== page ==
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Previous Pint Pleasures - October 20, 2002

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Noah's Ark, 94 Crookes, Crookes, Sheffield, South Yorkshire

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The Ball Inn, 171 Crookes, Crookes, Sheffield, South Yorkshire

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Masons Arms, 2 Carson Road, Crookes, Sheffield, South Yorkshire

This column brings me close to home -- my real home, that is. The first time we visited Noah's Ark (the pub, that is, not the biblical wreck) was when we had recently moved to Sheffield and were still not used to the abundance of real ales available. As we entered and sat at a table in the center room the sight of six handpumps at the bar filled us with hope. What a joy to find such a good port in the storm -- even though it happened to be a bright sunny day. Well, even "nice" days can get on the nerves, as my fellow California-raised rain-loving friends can attest. Our pints on this tiresome "nice day" were of Southern Bitter (3.7% ABV, Cottage Brewing Co Ltd, Castle Cary, Somerset). This is a light, lemony brew with a nice bitter aftertaste, like a few rich gray clouds creating a well-needed contrast to the sunshine. Yes, this was another "cracking" pint -- but too many cracking pints and we're likely to crack up! Ah, well...there's a hospital not far away. On our next visit, which was on a dark, misty afternoon, we had Tiger Best Bitter (4.3% ABV, Everards Brewery Ltd., Narborough, Leicestershire). This was a nice snappy pint which helped to clear up the thick drizzle in our heads. When we stopped in for lunch with my visiting mother we had pints of Cains Bitter (3.5% ABV, Robert Cain Brewery, Liverpool, Merseyside). This was a very "regular pint": not exactly inspirational in a literary sense, but it did help soothe our weary ears which were being assaulted by the soundtrack of the Homer Simpson fruit machine in the corner.

Noah's Ark has a reasonable-looking food menu and our lunches were satisfactory, although not particularly outstanding. The decor of the pub features a pool table up front and lots and lots and lots of photos on the walls of ships, horses, old houses and scenes, old breweries, and, of course, arks. Oh, by the way, this is a wheelchair-friendly pub as well, for all those real ale-loving wheelchair-bound animal couples out there..

Up the hill just a bit is the Ball Inn, a sports pub with too many handpumps to count. With two pool tables and a wood floor this is a much bigger and less cosy pub which obviously attracts students as well as Sheffield Wednesday fans. (I'm just assuming the latter because of the large Sheffield Wednesday collage on the wall.) Our first pints here were of Black Sheep Best (3.8% ABV, Black Sheep Brewery, Ripon, North Yorkshire), a curly bitter suggestive of curly wool. On another visit, on an extremely busy Saturday night when the place was packed, we gulped down pints of Dorset Best (4.1% ABV, Badger Brewery, Blandford St Mary, Dorset) while waiting for our Indian takeaway. This was a rather innocuous pint which served the purpose of killing a few minutes before our destiny with food poisoning. (Needless to say, don't be tempted by the nearby Indian takeaway...)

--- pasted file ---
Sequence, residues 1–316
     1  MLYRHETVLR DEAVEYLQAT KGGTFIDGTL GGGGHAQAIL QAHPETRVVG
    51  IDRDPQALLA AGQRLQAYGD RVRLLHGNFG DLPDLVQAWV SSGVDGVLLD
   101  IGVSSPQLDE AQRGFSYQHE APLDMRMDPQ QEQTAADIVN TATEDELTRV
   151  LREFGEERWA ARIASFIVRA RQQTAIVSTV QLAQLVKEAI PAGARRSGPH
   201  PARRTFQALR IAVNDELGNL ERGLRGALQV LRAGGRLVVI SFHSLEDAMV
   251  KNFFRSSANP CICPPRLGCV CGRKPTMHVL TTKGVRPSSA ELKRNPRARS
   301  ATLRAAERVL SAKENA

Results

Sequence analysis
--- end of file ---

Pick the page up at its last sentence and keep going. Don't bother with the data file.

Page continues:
I'm not sure just which sport the Ball was named after. Cricket, most likely, as it seems to be the most traditionally important sport in England. All I know is the pub probably wasn't named after the kind of ball you're on when you're "on the ball", or after a fancy dance, or even a dog's bollock. But you can never be sure...

Between Noah's Ark and the Ball Inn, off on a little side street, is the Masons Arms. Our first visit was on a quiet St. Patrick's Day afternoon. This is a very quiet neighbourhood pub, student-free -- or at least it was on this particular Sunday afternoon. And quiet, that is, except for the landlady who was dressed in shocking green with a sparkly green horseshoe hanging from her blindingly emerald green leprechaun hat. I wonder if she's even remotely Irish... Anyway, we tried pints of what the Masons is locally known for: John Smith Magnet (4.0% ABV, John Smith Brewery, Tadcaster, North Yorkshire), which features a horseshoe magnet on the pub clip. Smooth and dark, this is quite pleasant for a smooth nonbitter beer, but not exactly magnetic to a hops lover like myself. I was tempted to see what would happen if I rubbed my credit and debit cards against the glass. Would they become demagnetised and invalid? Possibly, but only because my glass was soaking wet. (No, that wouldn't affect credit cards, because they're always good for prying open doors when you've lost your keys in the rain, or for scraping ice off windscreens.) Obviously the magnetism has nothing to do with the Beer Lambert Law, which relates more to the absorption of light. Because if we're talking about the absorption of beer, especially the little puddles dribbled onto a table, a couple of beer mats usually take care of that. If only I had a little pile of iron filings on me -- or even a pocket compass -- I could test the magnetism of the beer. At least I could tell where I was in relation to the North Pole. Which way would be north, anyway? Which way's up? With the Grand Prix in New Zealand on the TV in the corner it would be hard to say, because everything's relative. How do all those cars go so fast on the other side of the globe without falling off, anyway? Is that because of the centripetal force? Or perhaps the centrifugal force? Or is it my pint of John Smith Magnet?

I suppose I'll have to return to the Masons, if only to perform a few more scientific experiments...

Noah's Ark Updates
(Last updated 31 December 2011)
Ball Inn Updates
(Last updated 27 July 2013)
Masons Arms Updates
(Last updated 19 January 2019)